When 15-year-old Maia came out as bi to her mom, she was surprised to learn that her mom is bi, too
Maia, a 15-year-old from Belgium, recently came out as bisexual to her mother. To her surprise, her mother was not only supportive, but shared the fact that she is bisexual as well!
On Friday, 8 February, Maia Tweeted the following:
I JUST CAME OUT TO MY MOM AND SHE CAME OUT TO ME SKDKZIDN SHE’S BISEXUAL TOO
— maia (@venusandelio) February 8, 2019
‘I can’t sleep I’m just so happy,’ Maia Tweeted in a follow-up. ‘I’ve been feeling so awful about myself and just everything and tonight my mom accepted me… it’s just so overwhelming. And I’m so grateful. I thought I would never feel like this again.’
i can’t sleep im just so happy i’ve been feeling so awful about myself and just everything and tonight my mom accepted me and i talked to david and maxence and it’s just so overwhelming and im so grateful i thought i would never feel like this again. ❤️
— maia (@venusandelio) February 9, 2019
GSN spoke to Maia about her experience coming out to her mom.
‘I had just seen the latest episode of Skam France in which Eliott comes out to his crush Lucas and him being so brave inspired me to be brave as well,’ she explains. ‘It made me feel incredibly proud of my identity.’
‘I asked my mom if we could go on a walk and she said sure and so we walked around the block. And then I asked her if she wanted to listen to some music with me and she said yes, again,’ Maia recalls.
‘I knew from past experiences that coming out in person is so, so much harder than coming out online as it’s way more confrontational.’
Maia prepared to come out as she searched for the perfect song.
‘I opened my music app and scrolled until I found this song called Girls by Girl in Red. My thumb hovered over the play button for a while until I finally decided to just let go and be me and be proud of who I am. At first, I couldn’t even look at her. I was so in my head just thinking about all the possible things that could happen now. And when I dared to look at her, I just couldn’t hold in my tears. She hugged me until my breathing started evening out again and we continued walking. She looked at me and said, “I won’t look at you any different. You’re still the same person. It’s normal to feel this way. Did you know that the first person I ever loved was a girl I met in high school?”’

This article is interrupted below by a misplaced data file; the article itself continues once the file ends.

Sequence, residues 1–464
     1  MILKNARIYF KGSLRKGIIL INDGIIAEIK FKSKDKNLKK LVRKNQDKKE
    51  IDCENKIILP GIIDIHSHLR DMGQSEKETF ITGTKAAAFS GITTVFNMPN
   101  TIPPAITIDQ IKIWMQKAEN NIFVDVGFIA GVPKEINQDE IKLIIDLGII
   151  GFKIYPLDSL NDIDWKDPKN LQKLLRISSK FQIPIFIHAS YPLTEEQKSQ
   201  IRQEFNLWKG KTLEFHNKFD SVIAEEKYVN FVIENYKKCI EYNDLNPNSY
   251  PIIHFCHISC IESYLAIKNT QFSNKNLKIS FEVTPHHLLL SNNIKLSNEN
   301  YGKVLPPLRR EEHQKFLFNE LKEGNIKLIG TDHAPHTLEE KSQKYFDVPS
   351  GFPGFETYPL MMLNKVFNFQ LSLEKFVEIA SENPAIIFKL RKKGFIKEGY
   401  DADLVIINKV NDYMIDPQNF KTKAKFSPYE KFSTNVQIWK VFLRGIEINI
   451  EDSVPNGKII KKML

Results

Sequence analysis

‘I always knew my mom was supportive, but I never thought she would understand,’ Maia says. ‘I can’t even explain it. After we walked home, I just told her I didn’t want to go inside yet and I needed to be alone for a second. I realized that I actually did it: I came out to my mom and it was okay. It was even better than okay! I don’t even really know why I Tweeted it and I certainly didn’t expect it to reach this type of audience or even get this much attention. But I’m happy it’s helped people and has given them a sense of hope. It’s all just super surreal.’
LGBTI love & acceptance
The following day, Maia Tweeted out her support for the LGBTI people who aren’t as fortunate in having supportive parents.
PS: if you’re scared to come out or have come out and your parents aren’t supportive im always here for you. you all deserve all the love and acceptance in the world and one day you will get it❤️❤️ ❤️🏳️🌈 ANOTHER WIN FOR THE GAYS!!!
— maia (@venusandelio) February 9, 2019
‘I’m always here for you,’ Maia assured her Twitter followers. ‘You deserve all the love and acceptance in the world and one day you will get it.’
‘It can hurt so much to have your parent tell you that your identity isn’t valid and to not understand,’ Maia tells GSN. ‘But it’s even more important to realize how strong you are and that if they don’t support you, you’re strong enough to go on. If they don’t support you, at least you’re brave enough to be your most authentic self. And even if they don’t support you, you’re intelligent enough to realize that even though they won’t be the ones to give you the love and support you deserve, other people *will* love you for who you are and accept you just the way you are.’
‘A supportive family would be fantastic, but it’s often not realistic,’ she states, recognizing how lucky she is.
‘I think it’s really important to be kind to yourself and to have patience with yourself,’ she continues. ‘It’s not easy, accepting yourself. It’s not ideal at all. I’ve struggled so much with coming to term with my sexuality and even when I realized and labeled myself, I still told myself, “I should be grateful I’m bisexual, at least I can pretend to be straight.” I remind myself of that often, to just put into perspective that I have really come a long way. So many people have so much internalized homophobia, so much that they start to hate themselves because of who they’re attracted to and because of who they want to be loved by and give love to.’
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